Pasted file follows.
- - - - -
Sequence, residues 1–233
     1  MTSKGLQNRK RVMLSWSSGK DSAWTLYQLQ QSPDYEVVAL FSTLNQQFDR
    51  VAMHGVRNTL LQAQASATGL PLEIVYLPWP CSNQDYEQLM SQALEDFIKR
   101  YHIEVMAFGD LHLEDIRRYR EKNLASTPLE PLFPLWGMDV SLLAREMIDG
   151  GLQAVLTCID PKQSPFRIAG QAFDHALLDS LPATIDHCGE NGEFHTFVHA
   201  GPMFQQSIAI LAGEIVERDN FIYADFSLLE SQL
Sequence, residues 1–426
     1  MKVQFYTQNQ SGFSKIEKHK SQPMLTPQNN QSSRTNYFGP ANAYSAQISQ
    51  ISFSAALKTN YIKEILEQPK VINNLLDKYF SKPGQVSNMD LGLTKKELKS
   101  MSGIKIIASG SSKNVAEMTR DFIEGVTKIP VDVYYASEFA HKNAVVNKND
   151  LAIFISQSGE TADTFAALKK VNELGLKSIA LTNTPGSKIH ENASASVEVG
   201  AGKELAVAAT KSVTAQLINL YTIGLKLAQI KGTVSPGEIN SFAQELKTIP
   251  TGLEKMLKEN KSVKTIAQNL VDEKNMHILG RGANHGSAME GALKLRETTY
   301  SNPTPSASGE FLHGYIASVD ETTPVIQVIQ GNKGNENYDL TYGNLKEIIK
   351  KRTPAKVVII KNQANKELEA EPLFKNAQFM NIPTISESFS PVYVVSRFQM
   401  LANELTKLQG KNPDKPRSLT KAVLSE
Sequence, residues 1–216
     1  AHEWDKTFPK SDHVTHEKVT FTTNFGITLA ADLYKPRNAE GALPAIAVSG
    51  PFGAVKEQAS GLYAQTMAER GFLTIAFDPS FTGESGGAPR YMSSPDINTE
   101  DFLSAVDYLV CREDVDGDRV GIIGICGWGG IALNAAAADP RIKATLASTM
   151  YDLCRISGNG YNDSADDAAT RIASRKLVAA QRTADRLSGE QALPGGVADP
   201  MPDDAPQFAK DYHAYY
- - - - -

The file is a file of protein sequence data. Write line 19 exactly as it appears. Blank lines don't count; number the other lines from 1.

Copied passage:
    51  PFGAVKEQAS GLYAQTMAER GFLTIAFDPS FTGESGGAPR YMSSPDINTE